By Sam E. Stone
Two passages form the basis of today’s study. The first is from Psalm 110, one of the most quoted psalms in the New Testament. It points readers to the coming Messiah. The other text is part of Peter’s sermon on the Day of Pentecost, where the fulfillment of Old Testament prophecy in Christ’s resurrection is clearly shown.
David wrote Psalm 110. When his prophetic message was given, Israel was a relatively small and insignificant nation. God assured his people that he would send a great king who would be their ruler one day (2 Samuel 7:4-16). Jesus made certain the interpretation of this psalm in Matthew 22:41-45. There he indicated that he himself is the second of the two Lords mentioned in this psalm. David spoke of Israel’s king, and it later became clear that Jesus is that king.
H. C. Leupold wrote, “When it is claimed in verse 2 that the Lord will extend this scepter ‘from Zion,’ this merely states the fact that Christ’s kingdom did take its beginning from among the Jews and in the congregation established at Jerusalem for ‘salvation is of the Jews,’ John 4:22.’ The historical starting point of the kingdom of the Christ is here correctly designated.”
James E. Smith added, “With irresistible logic Jesus argued that the word ‘Lord’ implied one superior to David. Of his successors only Messiah would be his superior.”
Jesus would serve as priest as well as king. He is not part of the Aaronic priesthood, however, but instead is after the order of Melchizedek, performing a service that cannot be replaced (see Hebrews 7:1-17). As Leslie S. M’Caw put it, “It is indissoluble and cannot be altered (Hebrews 7:16), and it is inviolable and cannot be replaced as was Aaron’s (Hebrews 7:24). In other words, it is forever.”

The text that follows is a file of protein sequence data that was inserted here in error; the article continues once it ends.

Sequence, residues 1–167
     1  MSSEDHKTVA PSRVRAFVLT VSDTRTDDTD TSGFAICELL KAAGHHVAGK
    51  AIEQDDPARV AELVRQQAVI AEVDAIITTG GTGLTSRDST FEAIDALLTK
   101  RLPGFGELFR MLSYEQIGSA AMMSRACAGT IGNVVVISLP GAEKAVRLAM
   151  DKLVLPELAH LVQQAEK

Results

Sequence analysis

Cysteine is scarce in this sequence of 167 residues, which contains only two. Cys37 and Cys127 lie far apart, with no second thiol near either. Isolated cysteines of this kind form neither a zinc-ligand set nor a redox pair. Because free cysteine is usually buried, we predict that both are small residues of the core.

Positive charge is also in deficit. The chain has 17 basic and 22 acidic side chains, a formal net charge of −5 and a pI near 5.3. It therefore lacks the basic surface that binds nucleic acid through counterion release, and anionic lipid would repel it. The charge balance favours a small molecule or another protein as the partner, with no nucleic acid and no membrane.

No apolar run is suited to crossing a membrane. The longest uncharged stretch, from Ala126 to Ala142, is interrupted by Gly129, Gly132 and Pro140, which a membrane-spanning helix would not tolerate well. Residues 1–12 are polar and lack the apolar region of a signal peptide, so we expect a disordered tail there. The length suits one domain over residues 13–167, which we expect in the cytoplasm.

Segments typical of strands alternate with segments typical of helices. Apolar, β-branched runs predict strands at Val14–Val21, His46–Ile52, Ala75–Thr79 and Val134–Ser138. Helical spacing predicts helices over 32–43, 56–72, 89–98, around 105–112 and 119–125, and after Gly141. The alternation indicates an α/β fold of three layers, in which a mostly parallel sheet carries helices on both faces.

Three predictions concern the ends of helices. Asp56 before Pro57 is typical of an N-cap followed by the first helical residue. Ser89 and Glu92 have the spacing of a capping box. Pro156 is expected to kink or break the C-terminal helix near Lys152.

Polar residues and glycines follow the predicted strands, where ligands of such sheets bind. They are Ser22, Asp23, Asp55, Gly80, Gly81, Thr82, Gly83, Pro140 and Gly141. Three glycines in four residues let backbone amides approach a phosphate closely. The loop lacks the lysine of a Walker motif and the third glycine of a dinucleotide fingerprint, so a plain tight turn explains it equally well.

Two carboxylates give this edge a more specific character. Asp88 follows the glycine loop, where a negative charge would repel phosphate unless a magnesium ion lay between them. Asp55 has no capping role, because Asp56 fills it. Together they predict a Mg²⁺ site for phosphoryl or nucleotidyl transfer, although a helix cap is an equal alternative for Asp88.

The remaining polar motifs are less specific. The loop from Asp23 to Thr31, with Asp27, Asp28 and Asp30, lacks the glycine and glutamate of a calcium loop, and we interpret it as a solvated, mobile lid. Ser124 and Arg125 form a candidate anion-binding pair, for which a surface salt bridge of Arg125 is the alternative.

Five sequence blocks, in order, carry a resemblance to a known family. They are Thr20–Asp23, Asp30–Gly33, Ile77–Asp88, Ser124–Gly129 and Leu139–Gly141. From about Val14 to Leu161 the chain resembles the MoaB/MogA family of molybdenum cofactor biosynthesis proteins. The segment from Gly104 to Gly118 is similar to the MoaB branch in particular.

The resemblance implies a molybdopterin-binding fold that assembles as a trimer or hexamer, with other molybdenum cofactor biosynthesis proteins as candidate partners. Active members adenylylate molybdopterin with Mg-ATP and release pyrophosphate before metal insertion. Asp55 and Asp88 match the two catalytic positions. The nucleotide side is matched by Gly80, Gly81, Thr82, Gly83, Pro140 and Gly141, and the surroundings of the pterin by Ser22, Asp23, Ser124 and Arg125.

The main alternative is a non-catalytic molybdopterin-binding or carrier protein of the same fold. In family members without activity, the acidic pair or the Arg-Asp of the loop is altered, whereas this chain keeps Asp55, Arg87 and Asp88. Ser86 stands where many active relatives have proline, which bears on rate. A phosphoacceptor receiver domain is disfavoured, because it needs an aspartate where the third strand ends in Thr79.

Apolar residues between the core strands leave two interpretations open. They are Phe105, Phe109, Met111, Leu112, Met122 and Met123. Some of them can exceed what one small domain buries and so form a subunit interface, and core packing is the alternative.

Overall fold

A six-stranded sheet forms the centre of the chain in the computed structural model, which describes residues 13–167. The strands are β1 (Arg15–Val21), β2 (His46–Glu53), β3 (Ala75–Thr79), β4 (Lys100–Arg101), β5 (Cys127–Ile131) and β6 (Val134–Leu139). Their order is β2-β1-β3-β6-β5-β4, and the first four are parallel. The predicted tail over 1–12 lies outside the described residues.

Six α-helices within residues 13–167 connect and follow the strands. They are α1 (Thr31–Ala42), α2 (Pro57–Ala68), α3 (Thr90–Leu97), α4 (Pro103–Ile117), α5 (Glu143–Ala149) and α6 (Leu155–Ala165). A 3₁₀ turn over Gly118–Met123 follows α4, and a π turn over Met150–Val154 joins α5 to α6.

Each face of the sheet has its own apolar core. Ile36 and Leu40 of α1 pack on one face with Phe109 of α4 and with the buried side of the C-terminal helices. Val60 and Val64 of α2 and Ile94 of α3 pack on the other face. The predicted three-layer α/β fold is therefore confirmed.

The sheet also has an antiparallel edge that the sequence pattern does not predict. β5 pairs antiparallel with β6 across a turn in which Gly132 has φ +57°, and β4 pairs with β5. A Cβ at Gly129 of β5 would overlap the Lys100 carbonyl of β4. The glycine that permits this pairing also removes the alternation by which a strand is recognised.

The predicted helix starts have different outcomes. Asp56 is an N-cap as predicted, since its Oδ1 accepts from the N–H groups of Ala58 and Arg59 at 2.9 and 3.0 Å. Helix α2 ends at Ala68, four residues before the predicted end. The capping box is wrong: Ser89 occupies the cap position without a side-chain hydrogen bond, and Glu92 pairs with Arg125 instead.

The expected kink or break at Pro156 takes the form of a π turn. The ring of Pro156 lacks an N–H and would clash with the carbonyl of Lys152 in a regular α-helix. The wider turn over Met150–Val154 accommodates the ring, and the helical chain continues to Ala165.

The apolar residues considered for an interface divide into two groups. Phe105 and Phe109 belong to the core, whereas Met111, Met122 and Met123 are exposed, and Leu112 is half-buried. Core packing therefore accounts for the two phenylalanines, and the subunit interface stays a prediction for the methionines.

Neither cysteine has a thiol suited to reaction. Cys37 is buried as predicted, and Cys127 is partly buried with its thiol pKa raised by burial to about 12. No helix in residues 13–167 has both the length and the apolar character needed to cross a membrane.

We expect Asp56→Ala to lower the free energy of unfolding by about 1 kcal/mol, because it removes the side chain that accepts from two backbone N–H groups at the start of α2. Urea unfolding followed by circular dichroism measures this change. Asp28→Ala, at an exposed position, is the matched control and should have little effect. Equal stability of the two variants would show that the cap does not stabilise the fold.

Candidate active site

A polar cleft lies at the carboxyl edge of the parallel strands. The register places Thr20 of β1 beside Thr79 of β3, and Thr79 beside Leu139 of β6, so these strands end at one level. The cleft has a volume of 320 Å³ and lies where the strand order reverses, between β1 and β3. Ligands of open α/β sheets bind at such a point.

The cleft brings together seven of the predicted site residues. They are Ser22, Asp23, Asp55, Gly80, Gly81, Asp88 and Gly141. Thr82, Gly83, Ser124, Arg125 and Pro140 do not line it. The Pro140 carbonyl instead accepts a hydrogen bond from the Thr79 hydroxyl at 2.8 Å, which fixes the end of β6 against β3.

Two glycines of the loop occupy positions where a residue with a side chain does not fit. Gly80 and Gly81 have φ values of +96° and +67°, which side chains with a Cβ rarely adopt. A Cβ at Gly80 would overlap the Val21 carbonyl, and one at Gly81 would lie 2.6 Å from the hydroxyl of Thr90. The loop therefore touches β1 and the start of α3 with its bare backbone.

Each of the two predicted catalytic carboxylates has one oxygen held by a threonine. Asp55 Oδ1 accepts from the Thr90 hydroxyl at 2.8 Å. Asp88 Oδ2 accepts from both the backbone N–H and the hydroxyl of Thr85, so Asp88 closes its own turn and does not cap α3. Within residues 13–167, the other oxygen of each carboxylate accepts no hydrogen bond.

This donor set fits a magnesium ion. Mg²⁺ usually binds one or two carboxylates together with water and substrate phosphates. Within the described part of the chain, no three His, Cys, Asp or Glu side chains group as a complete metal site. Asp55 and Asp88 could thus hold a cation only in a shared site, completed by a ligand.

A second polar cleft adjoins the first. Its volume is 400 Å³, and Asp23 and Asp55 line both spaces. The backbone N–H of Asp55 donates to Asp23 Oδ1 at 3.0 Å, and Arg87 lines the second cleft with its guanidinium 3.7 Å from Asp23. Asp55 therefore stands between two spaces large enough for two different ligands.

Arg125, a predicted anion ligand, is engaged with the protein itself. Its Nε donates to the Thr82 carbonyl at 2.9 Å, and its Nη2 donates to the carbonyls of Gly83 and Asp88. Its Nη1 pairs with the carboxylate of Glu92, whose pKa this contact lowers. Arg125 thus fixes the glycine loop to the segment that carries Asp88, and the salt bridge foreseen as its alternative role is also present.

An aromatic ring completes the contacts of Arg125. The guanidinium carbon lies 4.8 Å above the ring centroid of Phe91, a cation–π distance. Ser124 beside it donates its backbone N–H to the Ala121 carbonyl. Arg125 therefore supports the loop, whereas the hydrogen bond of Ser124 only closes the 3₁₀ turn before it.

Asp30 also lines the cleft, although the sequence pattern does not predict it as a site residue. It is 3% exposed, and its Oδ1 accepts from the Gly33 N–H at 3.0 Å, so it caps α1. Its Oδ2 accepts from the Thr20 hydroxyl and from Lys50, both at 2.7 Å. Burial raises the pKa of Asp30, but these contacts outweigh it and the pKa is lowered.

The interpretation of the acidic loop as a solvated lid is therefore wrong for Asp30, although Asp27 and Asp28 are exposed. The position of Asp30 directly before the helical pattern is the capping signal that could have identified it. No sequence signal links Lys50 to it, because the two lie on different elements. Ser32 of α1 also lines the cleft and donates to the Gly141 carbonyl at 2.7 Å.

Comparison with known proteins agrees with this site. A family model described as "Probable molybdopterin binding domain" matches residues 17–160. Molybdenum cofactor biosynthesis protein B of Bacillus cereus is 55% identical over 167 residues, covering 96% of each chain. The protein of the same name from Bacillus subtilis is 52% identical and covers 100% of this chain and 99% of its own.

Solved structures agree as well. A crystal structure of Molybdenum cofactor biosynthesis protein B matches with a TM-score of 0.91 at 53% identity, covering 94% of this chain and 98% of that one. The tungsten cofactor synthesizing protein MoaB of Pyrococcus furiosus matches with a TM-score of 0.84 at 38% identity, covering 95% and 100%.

Acts 2:22-27, 29-32
In Acts 2 Luke recounted what took place on the Day of Pentecost that followed the resurrection of Jesus. The apostles were all baptized by the Holy Spirit and began to speak in various languages. Peter explained to the crowd that this was what had been foretold centuries earlier by the prophet Joel (Acts 2:16-21).
J. W. McGarvey wrote, “The hearers . . . now see that the whole of this amazing phenomenon is subservient to the name of that Nazarene whom they had despised and crucified . . . Never did mortal lips announce in so brief a space so many facts so terrific to the hearers . . . . It is the first public announcement to the world of a risen and glorified Redeemer.”
As he preached, Peter summarized the life and ministry of Jesus. He also reminded his hearers of their responsibility in causing his death on the cross. “But God raised him from the dead” was his confident assertion. Then Peter began quoting from Psalm 16:8-11. This is another messianic psalm in which David declared his complete confidence in God’s protection.
The makeup of the crowd that day must certainly have included many who had been in the city of Jerusalem just days before for the Passover feast. That was the time when Jesus had been accused, mistreated, and finally killed. They had to be reminded of their role in his death, even as they now learned of his bodily resurrection from the grave.
“Great as the miracles of Jesus were, they would have accomplished nothing had He not risen,” suggested L. Edsil Dale. “His Deity was declared in his resurrection. . . .
Every other miracle was a preparation for this final victory over the grave.” Peter continued quoting Psalm 16 (see also Acts 13:35), as he convinced his audience of Christ’s resurrection.
The Old Testament’s messianic prophecies could not have been spoken about King David. “His tomb is here to this day,” Peter reminded them. Instead David understood that God “would place one of his descendants on his throne.” Although it is true that Jesus had died, what God then did makes all the difference: “He was not abandoned to the realm of the dead, nor did his body see decay.”
God’s plan had been fulfilled. He intended for the Messiah to be raised from the dead. Peter concluded, “God has raised this Jesus to life, and we are all witnesses of it.” Even today every Christian should be able to testify to the resurrection of Jesus with the same confidence, joy, and trust of the apostles.
Sam E. Stone is the former editor of Christian Standard. He continues his writing and speaking ministry from his home in Cincinnati, Ohio.